A Set Mind or a Mindset?
- Author Bruce Wilson
- Published June 24, 2022
- Word count 513
A Set Mind or a Mindset?
Bruce Wilson, PhD
“When you think you can or you think you can’t you’re right.”
The Set Mind
When we suggest the idea of a set mind, what does that mean? It means someone who prefers to accept the status-quo. There is a complacency with one’s beliefs, attitudes, thoughts, and actions. What are the potential pitfalls of a set mind? How can complacency lead to a self-limiting lifestyle?
The expression “It is what it is” illustrates the problematic style of the set mind. This expression does not foresee an alternative to the current situation. In fact, the person exhibiting a set mind has already acquiesced to the situation they face. Over time, acquiescence leads to “don’t rock the boat” and even worse “why bother?”, which reinforces procrastination and settling for less than what may be possible. One’s motivation decreases due to this limited perspective of alternatives. The set mind evolves into an increasingly unadaptable and intolerant attitude, which reinforces the status-quo and resists change. All of these factors equate to a loss of one’s individual potential to move forward and not stagnate.
“If you change the way you look at things, the things you look at change.”
Similar to a set mind, a mindset is fixed but with the potential to change based on one’s experiences. Without the limiting factors of a set mind, a mindset can be adaptable and labile, which permits new perspectives and the ability to change. One’s beliefs, attitudes, thoughts, and actions are readily altered to manage situations as needed. Having this ability to shift one’s mindset as required builds confidence through embracing the unknown rather than avoiding it. The fear of change is conquered through facing one’s fear, which expands rather than limits one’s experiences. Exploring new things and succeeding builds one’s capacity to face future problems with more personal agency. Pursuing more solutions than problems is one approach that promotes a positive mindset to how we deal with new challenges. Adopting a growth mindset rather than a fixed mindset creates more opportunities for learning from all experiences, whether successful or not.
“I never lose, I either win or learn.” – Nelson Mandela
Improving Your Mindset
Look to thrive and not just survive. Realize that you already possess all you need to be successful. Remember that your thinking is the main driver to your outcomes, just like Henry Ford. View all your possibilities not just your limitations. Strive to be a smarter, stronger, worker, and learner. Neuroplasticity has revealed that brain messages can be reprogrammed. Most of our old messages are brain tapes, or outdated memories, that no longer apply to the present. We are rehashing out of date messages that continue to contaminate our ability to be in the present. One possible solution to this is to discard the outdated set mind messages and upgrade to our new mindset possibilities. Then we can exponentially begin to improve our capacity to manage new and challenging experiences.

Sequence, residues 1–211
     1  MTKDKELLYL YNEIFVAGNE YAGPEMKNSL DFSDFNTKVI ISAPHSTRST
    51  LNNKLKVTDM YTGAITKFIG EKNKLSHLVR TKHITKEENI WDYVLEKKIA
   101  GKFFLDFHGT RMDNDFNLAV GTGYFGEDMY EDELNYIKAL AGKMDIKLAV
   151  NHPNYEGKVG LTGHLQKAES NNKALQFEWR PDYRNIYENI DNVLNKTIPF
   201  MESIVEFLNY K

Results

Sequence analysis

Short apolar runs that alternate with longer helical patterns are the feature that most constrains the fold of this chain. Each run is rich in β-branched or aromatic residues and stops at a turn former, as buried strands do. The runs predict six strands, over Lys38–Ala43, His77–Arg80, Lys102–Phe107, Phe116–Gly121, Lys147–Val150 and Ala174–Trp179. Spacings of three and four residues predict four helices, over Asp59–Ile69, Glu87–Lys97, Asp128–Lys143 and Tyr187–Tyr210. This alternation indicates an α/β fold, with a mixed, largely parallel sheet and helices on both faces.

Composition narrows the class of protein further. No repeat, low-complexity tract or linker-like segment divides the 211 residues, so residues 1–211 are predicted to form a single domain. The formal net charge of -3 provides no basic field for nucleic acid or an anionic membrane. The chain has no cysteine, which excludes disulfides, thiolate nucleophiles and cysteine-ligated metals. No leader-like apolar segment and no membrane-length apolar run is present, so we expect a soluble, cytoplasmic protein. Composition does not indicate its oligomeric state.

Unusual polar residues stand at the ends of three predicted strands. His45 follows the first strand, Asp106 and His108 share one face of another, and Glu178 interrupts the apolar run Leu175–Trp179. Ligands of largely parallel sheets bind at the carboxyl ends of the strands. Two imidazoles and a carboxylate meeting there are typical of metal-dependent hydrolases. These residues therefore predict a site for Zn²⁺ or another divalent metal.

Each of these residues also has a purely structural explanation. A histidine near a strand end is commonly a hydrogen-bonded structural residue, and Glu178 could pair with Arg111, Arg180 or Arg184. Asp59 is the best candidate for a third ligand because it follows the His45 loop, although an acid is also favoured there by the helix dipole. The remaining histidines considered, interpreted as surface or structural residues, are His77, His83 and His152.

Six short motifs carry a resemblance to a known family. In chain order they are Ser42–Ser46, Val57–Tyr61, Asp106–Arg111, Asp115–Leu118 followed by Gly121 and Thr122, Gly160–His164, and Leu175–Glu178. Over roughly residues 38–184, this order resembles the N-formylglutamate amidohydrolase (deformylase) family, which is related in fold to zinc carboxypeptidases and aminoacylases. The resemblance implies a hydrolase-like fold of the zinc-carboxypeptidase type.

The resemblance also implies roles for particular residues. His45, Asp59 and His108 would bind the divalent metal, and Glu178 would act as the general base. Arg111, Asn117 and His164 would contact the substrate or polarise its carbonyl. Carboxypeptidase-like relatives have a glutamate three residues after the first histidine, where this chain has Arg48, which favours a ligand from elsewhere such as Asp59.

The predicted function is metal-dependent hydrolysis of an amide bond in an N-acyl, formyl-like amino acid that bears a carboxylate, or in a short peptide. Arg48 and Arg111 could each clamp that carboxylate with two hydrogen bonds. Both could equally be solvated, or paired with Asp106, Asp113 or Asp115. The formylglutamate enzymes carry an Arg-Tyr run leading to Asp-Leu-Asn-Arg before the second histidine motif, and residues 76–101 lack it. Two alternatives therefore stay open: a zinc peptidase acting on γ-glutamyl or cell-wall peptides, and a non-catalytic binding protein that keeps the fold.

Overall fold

Dr. Bruce Wilson is a psychologist with 25 years of experience. He enjoys sharing his ramblings with friends and colleagues. He is currently in private practice at Mind Health Care in Geelong, Australia. This article is solely his work.Article source: https://articlebiz.com
There are no posted comments.
- The need for counselling psychologists in each private and public school in Zimbabwe.
- Dealing With Phobias
- Nonverbal Communication: A skill we all need
- How to Beat Anxiety: A Look Into 6 Effective Methods
- ADHD vs "ADHO"
- Passion and Addiction
- Planetosis and Denial
- What does the Black Community think about Mental Health and Counseling?
- Fear and Freedom
- Our Tunnel-Vision
- A Metaverse Reality
- Hypnosis and Self-Knowledge
- Approaches to Working with Self Defeating Behaviours
- What Are Your Strengths?
- Pretending and Self-Deception
- Making Sense of Ambivalence
- Achieving Concrastination
- You're Not Enough Like Me
- Awareness Through the Ages
- Illusion and Self-Identity
- Guilt and Hindsight Bias
- The Benefits and Burden of Being an Empath
- Implicit Bias
- Self-centeredness: Nigeria's major psychological issue
- The Big Problem of Burnout for Mental Health Professionals
- Out with the Old, and in with the New: A Step toward Eliminating Self Doubt and Demonstrating Self-Love
- Simple Complexity?
- The Pleasure Paradox
- Performance Dissonance